I have 2 servers with pair of RSA public and private keys.
I need to establish a trust between 2 servers: I need to copy a public key form the first server to the second server and the public key from the second server to the first server.
Note that it is not Diffie–Hellman key exchange (that explained very well here "Diffie-Hellman Key Exchange" in plain English).
The simplest way is just manually copy the public keys from one server to another. Additional option is to use the following homegrown flow:
- Generate a one-time token on the first server
- Copy the token manually to the second server
- The first servers accesses the second server via API. Ase the token for the API authentication. The API implementation exchanges public keys between servers
Any suggestions to improve the flow?
Do we have some best practices flow since homegrown flows usually bad for security?
im working on a script which will allow several folders synchronization acros multiple servers.
On each server the script will download data from rest of the servers via rsync via ssh (rsync have archive and update attribute).
For this transfer ssh public access key is needed.
When i add new server to the group, i need to:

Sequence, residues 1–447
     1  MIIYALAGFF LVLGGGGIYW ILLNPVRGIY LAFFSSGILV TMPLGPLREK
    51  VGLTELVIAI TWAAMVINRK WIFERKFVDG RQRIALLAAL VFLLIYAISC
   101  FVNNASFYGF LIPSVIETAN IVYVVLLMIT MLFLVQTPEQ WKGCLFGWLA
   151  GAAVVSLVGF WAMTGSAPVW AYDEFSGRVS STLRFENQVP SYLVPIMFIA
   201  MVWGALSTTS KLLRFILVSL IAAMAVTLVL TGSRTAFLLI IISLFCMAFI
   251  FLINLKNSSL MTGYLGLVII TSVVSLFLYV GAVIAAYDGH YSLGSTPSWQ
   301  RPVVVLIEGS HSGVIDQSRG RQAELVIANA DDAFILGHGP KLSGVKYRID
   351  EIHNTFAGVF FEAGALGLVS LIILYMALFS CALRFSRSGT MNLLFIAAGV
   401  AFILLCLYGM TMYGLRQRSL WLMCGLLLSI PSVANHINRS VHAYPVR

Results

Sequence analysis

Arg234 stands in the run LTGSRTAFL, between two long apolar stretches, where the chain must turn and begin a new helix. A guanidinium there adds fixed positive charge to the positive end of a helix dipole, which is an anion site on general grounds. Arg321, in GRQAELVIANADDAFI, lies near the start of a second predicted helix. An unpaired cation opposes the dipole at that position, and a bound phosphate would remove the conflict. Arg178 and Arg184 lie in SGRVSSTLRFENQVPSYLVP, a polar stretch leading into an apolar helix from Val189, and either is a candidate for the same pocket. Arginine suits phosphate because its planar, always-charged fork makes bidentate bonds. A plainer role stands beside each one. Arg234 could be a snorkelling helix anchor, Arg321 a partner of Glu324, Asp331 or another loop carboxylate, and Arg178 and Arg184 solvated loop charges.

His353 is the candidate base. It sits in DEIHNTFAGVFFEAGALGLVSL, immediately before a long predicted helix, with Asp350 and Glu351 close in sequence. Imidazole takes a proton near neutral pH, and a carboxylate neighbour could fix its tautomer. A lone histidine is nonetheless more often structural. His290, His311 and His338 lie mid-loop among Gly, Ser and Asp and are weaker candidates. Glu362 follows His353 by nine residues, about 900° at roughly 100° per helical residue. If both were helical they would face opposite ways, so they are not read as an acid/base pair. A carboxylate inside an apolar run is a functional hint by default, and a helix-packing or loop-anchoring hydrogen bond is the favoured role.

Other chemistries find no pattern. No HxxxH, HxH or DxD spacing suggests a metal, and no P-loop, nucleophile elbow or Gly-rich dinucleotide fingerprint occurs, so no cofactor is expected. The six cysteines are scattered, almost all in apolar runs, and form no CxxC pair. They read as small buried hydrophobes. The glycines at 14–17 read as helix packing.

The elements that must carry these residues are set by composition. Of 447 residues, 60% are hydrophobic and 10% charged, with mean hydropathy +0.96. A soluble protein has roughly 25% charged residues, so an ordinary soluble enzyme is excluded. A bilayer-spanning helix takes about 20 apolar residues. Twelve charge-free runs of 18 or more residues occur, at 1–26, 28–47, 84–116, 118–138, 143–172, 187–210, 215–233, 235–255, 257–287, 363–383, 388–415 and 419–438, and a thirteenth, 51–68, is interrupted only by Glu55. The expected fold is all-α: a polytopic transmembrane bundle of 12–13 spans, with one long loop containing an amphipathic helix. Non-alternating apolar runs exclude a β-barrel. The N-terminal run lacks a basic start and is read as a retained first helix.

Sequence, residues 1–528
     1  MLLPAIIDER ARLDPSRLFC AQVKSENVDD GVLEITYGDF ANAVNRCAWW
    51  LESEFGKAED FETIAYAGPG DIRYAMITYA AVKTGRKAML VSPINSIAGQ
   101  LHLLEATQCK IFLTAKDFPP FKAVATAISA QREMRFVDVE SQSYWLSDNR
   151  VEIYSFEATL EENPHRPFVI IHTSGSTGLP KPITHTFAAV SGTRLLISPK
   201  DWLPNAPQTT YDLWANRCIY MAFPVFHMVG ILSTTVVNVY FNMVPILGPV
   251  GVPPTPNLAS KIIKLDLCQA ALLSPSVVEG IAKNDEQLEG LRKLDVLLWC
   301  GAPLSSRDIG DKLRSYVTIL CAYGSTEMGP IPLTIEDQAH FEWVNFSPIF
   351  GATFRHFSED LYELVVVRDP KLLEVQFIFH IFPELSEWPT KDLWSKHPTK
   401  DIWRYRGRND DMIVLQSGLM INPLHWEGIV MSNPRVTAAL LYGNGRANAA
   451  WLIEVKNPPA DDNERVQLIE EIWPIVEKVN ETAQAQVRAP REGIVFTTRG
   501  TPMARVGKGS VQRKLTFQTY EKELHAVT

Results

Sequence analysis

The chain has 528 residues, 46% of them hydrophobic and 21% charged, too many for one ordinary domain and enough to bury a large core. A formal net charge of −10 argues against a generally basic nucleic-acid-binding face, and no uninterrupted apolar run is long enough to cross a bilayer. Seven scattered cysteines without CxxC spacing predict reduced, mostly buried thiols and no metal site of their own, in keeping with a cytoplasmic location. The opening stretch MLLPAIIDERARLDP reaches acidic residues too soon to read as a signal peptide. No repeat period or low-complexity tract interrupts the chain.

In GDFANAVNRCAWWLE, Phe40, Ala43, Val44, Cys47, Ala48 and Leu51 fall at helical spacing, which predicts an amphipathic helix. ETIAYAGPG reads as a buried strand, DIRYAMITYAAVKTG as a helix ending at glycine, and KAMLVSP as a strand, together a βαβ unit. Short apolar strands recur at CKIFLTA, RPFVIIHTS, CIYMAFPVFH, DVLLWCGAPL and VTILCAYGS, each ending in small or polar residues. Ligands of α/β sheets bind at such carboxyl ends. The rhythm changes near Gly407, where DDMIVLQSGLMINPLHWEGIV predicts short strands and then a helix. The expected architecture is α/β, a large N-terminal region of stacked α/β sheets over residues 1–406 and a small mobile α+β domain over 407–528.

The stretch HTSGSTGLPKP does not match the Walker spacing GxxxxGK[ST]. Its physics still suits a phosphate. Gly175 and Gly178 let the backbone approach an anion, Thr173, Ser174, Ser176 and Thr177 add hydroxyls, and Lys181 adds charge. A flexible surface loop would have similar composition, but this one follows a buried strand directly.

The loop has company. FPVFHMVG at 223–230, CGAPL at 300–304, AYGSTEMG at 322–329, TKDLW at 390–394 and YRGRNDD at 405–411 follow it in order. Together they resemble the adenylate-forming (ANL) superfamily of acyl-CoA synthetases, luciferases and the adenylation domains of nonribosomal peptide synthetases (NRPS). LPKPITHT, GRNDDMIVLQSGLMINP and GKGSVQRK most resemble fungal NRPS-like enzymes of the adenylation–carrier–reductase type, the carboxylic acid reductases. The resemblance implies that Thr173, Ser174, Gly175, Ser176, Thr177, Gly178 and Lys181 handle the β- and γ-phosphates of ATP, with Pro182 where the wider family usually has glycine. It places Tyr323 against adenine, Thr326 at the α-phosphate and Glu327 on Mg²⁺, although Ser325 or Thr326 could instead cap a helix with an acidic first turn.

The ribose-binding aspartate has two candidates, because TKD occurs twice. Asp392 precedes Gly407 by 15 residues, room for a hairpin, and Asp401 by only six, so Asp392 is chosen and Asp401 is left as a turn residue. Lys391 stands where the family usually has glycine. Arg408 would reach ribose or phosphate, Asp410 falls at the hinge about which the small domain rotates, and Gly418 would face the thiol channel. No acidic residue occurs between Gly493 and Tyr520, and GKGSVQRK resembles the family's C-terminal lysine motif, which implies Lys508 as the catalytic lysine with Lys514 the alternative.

1) run ssh-keygen on new server and via ssh-copy-id add key it to rest of servers so i can download data from them…
2) do the same on all old servers so each of…
SSH Public key synchonization acros several servers, how to automate it?
AFAIK, if the connection to the VPN server is properly set up, the ISP is not able to see any of the traffic.
Nevertheless, I just found a worrying comment to this blog post:
I Just wanted to double check with the experts of this website: is it true what the guy states in his comment?
That is, if I am routing all my traffic through a mobile hotspot with a prepaid sim card, using a VPN on both devices (say a laptop and the mobile phone acting as hotspot), will the ISP be able to see anything but a connection getting into the VPN?
The answer to this question would have been a sound NO, but this guy adding the details of a “carrier server” and a prepaid SIM made me doubtful, as he seems to know more than me.
I am currently doing a ctf lab, and found out a login for a mysql server. I could login and mess around with the database for that user but not as the server as a whole. Is there a way I can escalate my privilege from a restricted user to full control over the databse?
I am receving logs on UDP 514 from another server and i have configured rsyslog.conf to save the logs to another custom directory but i am unable to do so, i confirmed through tcpdump logs are getting on 514 but not getting saved. Any thing i’ve missed?
Here’s the config i’ve made in rsyslog.conf
$ umask 0000 # ownership and permissions $ FileOwner punk $ FileGroup punk $ FileCreateMode 0640 $ DirCreateMode 0755 # save that when possible $ PreserveFQDN on # local ruleset (to control local syslogging) $ RuleSet local $ template CustomFormat,"%TIMESTAMP:::date-rfc3339% %HOSTNAME% %syslogtag%%msg:::sp-if-no-1st-sp%%msg:::drop-last-lf%\n" $ ActionFileDefaultTemplate CustomFormat $ template prod1,"/ab/cs/edl/172.x.x.x/%$ now%.log" if $ fromhost-ip == '172.x.x.x' then ?prod1